With HTML5 every element in a page can become a subject to drag and drop. HTML5 allows developers
to define elements that should be subject to drag simply trough an attribute draggable="true". Also
events like drag start and javascript API’s like dataTransfer allow developers to implement the required
code to execute the action that is meant by the user dropping a dragable element. For Mobile Internet,
Touch devices, intuitive Drag & Drop interaction plays an important role in the usability and integration
of the application.

HTML5 Form Elements
HTML5 defines an additional set of form input element types, like date,
time and email to name a few. Using this type of information, the
browser will be able to customize the user interface with the goal to
simplify the interaction. For example the iPhone will automatically include
the @ sign in the screen keyboard when it processes input for an email
type input. Data input types will automatically result in the well known
calendar control allowing to navigate to the right date, and simply select
the day – all “out-of-the-box”, saving developers time to implement features like this.

HTML5 Web Workers
With Web Workers application developers can start processes in the background or implement some of
the user interaction in an asynchronous way, allowing for a much better performance of the user
interface, speed up some data processing by parallel processing etc. Currently there are no mobile
device browsers that provide Web Workers, but with multi core processor devices upcoming, it would
totally make sense to make this feature also available in the mobile browser.

HTML5 Structure and CSS3
HTML5 and CSS3 will bring improved markup structure and style capabilities; many of these
improvements you might not notice in the end result, as web developers have been applying mind-
boggling workarounds already using its predecessors. However, HTML5 and CSS3 will make the
structuring and creating layout easier, for example creating rounded corners is just added as a standard
feature of CSS3 which is great news for web designers. It will allow them to become more productive,
and get less distracted by having to come up with workarounds in the older HTML and CSS all the time.
Also, as things get more structured, changes and maintenance will become somewhat easier too.

HTML5 Support on Mobile today
Clearly HTML5 has all promises to change the Mobile Internet landscape and lift important blocking
factors today that web developers encounter when they develop web technology based applications for
a Mobile browser.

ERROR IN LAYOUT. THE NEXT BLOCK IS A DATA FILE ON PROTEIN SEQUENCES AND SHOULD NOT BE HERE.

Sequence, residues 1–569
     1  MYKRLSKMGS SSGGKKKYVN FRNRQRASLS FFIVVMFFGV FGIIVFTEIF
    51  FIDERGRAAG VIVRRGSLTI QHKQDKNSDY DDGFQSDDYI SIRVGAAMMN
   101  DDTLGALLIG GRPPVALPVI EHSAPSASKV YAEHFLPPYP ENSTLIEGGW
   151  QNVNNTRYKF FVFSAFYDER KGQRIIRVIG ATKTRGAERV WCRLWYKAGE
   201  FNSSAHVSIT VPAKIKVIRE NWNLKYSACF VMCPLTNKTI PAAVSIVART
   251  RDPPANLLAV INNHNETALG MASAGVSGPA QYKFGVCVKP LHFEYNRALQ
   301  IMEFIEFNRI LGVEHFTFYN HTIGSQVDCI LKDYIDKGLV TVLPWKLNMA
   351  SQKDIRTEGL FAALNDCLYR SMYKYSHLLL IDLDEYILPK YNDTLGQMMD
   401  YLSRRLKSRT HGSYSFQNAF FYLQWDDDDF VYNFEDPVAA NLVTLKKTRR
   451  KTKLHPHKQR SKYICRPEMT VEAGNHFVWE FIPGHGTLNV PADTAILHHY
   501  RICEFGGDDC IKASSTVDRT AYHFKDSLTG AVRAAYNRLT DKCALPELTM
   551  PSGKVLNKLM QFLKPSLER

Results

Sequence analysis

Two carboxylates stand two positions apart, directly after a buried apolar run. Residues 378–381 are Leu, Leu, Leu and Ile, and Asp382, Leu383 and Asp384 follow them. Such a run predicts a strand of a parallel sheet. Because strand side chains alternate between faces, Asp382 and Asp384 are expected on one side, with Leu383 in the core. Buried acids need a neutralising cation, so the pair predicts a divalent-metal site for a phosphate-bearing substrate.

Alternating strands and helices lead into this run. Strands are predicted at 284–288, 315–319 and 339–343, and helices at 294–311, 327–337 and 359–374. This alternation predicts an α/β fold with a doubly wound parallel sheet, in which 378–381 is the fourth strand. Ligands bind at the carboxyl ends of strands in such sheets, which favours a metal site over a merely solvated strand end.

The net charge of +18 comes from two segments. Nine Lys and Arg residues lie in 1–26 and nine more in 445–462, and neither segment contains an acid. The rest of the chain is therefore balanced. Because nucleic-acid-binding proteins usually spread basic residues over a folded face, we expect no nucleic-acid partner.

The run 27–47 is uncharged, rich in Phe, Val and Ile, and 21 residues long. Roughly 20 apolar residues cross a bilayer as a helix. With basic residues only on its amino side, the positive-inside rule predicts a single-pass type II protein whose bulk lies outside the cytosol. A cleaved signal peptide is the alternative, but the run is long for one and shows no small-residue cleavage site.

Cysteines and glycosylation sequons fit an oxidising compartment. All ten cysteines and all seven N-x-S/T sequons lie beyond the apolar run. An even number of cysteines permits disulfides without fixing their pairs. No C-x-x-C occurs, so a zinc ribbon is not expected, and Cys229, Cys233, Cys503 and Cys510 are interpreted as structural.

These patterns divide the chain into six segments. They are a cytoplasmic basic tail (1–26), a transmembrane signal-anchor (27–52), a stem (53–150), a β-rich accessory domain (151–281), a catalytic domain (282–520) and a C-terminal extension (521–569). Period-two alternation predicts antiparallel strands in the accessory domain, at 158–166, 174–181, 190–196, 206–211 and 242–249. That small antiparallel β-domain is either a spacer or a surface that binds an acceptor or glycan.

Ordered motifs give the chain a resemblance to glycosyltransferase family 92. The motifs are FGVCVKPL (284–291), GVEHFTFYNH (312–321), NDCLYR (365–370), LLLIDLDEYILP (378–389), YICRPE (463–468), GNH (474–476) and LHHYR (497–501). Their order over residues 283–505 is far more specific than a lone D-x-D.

That HTML5 support is moving with an increasing speed is becoming evident when we investigate the
level of functional HTML5 support that is found on sample of current smartphone that are out there
today. The test shows that you should not expect too much from some older devices from the past
running older versions of Safari and WebKit.

To establish the level of support of a PC or Mobile browser, tests have been executed at the DOM and API
level, to check if HTML5 support could be detected for audio, video, the number of codecs, geo-location,
offline web application store, Workers, section elements, grouping content elements, text-level semantic
elements (e.g. time), Form Input, Elements and User interaction. The test does not show the effect of
current limitations as indicated in the article, like the fact that the video element on the iPhone is
actually not yet showing a fully embedded and controllable video stream.

HTML5 Yes!
It might be a bit too soon to start implementing full HTML5 compliant Mobile Internet sites. But nothing
would stand in the way to start using HTML elements and features like the Video, Canvas or the Geo
Location API where support already can be found. HTML5 still won’t totally solve the mobile device
fragmentation. However HTML5 will act as a strong catalyst to increase converge of the market, as it
sets a new standard with many features, and the first signs indicate that this standard is moving much
faster than any previous attempts made by the W3C alone, thanks to the WHATWG.

The natural effect of this increased speed will be that some HTML5 specifications, newly introduced
elements and API’s might change faster than you would like, so when development budgets are low and
under pressure, and you don’t want to be a fist mover, you might want to time your HTML5 adventure,
and perhaps wait somewhat on a more stable specification.

To get the most out of your mobile site, achieve the widest reach and get the best experience on each
mobile device you would still need specialized solutions that can adjust media rendering based on the
device and/or browser recognition and are able to adapt the level of HTML5 features based on the
current available browser support.

HTML5 Demo
If you would like to experience some HTML5 features on your mobile device today, you can visit us at: . We have collected a number of HTML5 features such as video and
audio. You can also do a HTML5 score test to check out how well your device supports HTML5.

Alex Rutgers is the Head of Technology within that specializes in partnering with
media companies and mobile operators to create powerful mobile internet sites and profitable mobile
operator portals. Follow MoMac on Twitter #momac